Settlements by ethnic majority
Settlements with Serb ethnic majority are: Bač, Bačko Novo Selo, and Bođani. The settlement with Slovak ethnic majority is Selenča. Ethnically mixed settlements with relative Serb majority are Vajska and Plavna.
Ethnic groups in the Bač town
In the 17th century some Šokci Croats from Tuzla area migrated to Bač as refugees. Today they comprise less than 9% of the population.
Languages in the Bač municipality
According to the 2002 census, 66% of inhabitants of the Bač municipality speak Serbian as mother tongue. Other spoken languages include Slovak (20%), Romanian (4%), Hungarian (3%), Croatian (3%), and Romani (2%).
Serbian, Slovak and Hungarian language are officially used by municipal authorities.
Historical population of the town
- 1961: 6,321
- 1971: 5,916
- 1981: 5,994
- 1991: 6,046
- 2011: 5,390
Seats in the municipality parliament won in the 2012 local elections: 
- Democratic Party (9)
- Serbian Radical Party (2)
- SNS (6)
- Socialist Party of Serbia (5)
- LSV (3)
Sites of interest
Twin towns — Sister cities
Bač is twinned with:
- Municipalities of Serbia
- List of places in Serbia
- List of cities, towns and villages in Vojvodina
- "Municipalities of Serbia, 2006". Statistical Office of Serbia. Retrieved 2010-11-28.
- "2011 Census of Population, Households and Dwellings in the Republic of Serbia: Comparative Overview of the Number of Population in 1948, 1953, 1961, 1971, 1981, 1991, 2002 and 2011, Data by settlements" (PDF). Statistical Office of Republic Of Serbia, Belgrade. 2014. ISBN 978-86-6161-109-4. Retrieved 2014-06-27.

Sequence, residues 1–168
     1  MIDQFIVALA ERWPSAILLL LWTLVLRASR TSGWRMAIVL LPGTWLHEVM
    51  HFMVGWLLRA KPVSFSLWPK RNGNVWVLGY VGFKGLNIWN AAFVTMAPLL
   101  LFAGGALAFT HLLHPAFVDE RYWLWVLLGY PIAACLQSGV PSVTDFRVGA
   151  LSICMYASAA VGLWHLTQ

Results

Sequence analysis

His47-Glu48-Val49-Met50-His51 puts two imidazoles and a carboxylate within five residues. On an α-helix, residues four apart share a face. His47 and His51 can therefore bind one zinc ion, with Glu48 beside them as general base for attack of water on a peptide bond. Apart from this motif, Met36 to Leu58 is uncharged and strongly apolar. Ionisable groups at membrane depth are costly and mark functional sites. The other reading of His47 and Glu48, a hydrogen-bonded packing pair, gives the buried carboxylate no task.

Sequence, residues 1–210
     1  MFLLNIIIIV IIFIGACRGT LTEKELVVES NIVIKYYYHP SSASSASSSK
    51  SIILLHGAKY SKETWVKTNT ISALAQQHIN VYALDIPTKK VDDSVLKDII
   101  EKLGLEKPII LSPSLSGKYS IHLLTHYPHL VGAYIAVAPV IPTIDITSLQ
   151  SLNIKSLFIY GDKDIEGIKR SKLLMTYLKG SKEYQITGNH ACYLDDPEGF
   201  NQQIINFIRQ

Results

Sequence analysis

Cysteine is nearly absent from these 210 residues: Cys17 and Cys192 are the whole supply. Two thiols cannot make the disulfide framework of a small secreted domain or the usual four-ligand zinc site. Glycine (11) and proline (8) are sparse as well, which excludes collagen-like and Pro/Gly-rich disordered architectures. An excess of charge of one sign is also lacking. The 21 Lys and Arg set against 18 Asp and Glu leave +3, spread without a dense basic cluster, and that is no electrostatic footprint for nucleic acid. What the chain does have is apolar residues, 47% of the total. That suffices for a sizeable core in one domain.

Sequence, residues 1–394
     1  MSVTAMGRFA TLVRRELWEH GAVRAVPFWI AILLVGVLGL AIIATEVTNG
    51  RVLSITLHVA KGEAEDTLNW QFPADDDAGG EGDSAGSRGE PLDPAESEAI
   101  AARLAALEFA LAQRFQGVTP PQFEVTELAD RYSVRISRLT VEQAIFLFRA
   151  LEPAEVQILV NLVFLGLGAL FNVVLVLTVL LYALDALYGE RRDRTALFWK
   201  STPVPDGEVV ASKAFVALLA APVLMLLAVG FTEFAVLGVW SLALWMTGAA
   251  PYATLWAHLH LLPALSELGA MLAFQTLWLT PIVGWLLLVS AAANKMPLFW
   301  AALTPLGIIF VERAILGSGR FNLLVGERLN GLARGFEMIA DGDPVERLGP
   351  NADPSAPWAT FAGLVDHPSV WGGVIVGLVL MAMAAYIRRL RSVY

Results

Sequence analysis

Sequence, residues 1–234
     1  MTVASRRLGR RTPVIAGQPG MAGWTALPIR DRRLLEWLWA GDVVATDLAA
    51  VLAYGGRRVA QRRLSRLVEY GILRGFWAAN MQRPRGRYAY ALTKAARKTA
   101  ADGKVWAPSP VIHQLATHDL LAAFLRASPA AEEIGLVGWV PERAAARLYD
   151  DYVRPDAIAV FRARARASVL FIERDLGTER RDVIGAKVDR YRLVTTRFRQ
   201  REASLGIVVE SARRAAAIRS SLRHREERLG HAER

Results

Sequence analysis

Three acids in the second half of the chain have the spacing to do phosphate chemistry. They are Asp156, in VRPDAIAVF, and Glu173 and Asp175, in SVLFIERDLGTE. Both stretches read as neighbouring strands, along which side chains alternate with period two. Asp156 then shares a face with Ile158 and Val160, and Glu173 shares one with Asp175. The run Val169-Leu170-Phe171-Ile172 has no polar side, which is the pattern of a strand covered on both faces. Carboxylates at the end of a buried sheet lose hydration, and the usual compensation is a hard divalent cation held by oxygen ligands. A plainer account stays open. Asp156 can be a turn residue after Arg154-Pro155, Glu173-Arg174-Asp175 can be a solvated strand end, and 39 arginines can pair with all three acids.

- Prof. Dr. Miloš Blagojević, Istorijski atlas, Beograd, 1999
- 02BACS Archived January 4, 2007, at the Wayback Machine.
- Milica Grković, Rečnik imena Banjskog, Dečanskog i Prizrenskog vlastelinstva u XIV veku, Beograd, 1986
- Dr. Aleksa Ivić, Istorija Srba u Vojvodini, Novi Sad, 1929
- A Pallas Nagy Lexikona
- С. Б. Веселовскии, Ономастикон, древнерусские имена, прозвиша и фамилии, Москва, 1974
- 403 Forbidden
- A Délvidék Rövid Történelme
- Places in World that start with Bač Archived January 16, 2009, at the Wayback Machine.
- "História 2000/04. - ZSOLDOS ATTILA: Szent István vármegyéi. Források, következtetések". Historia.hu. Retrieved 2013-03-26.
- "A Pallas nagy lexikona". Elib.hu. Retrieved 2013-03-26.
- "Magyar Katolikus Lexikon". Lexikon.katolikus.hu. Retrieved 2013-03-26.
- "Population by ethnicity – Bač". Statistical Office of the Republic of Serbia (SORS). Retrieved 23 February 2013.
- "Bač". Skgo.org. Archived from the original on September 27, 2007. Retrieved 2010-03-02.
- Slobodan Ćurčić, Broj stanovnika Vojvodine, Novi Sad, 1996.
The new Orthodox Church in Mali Bač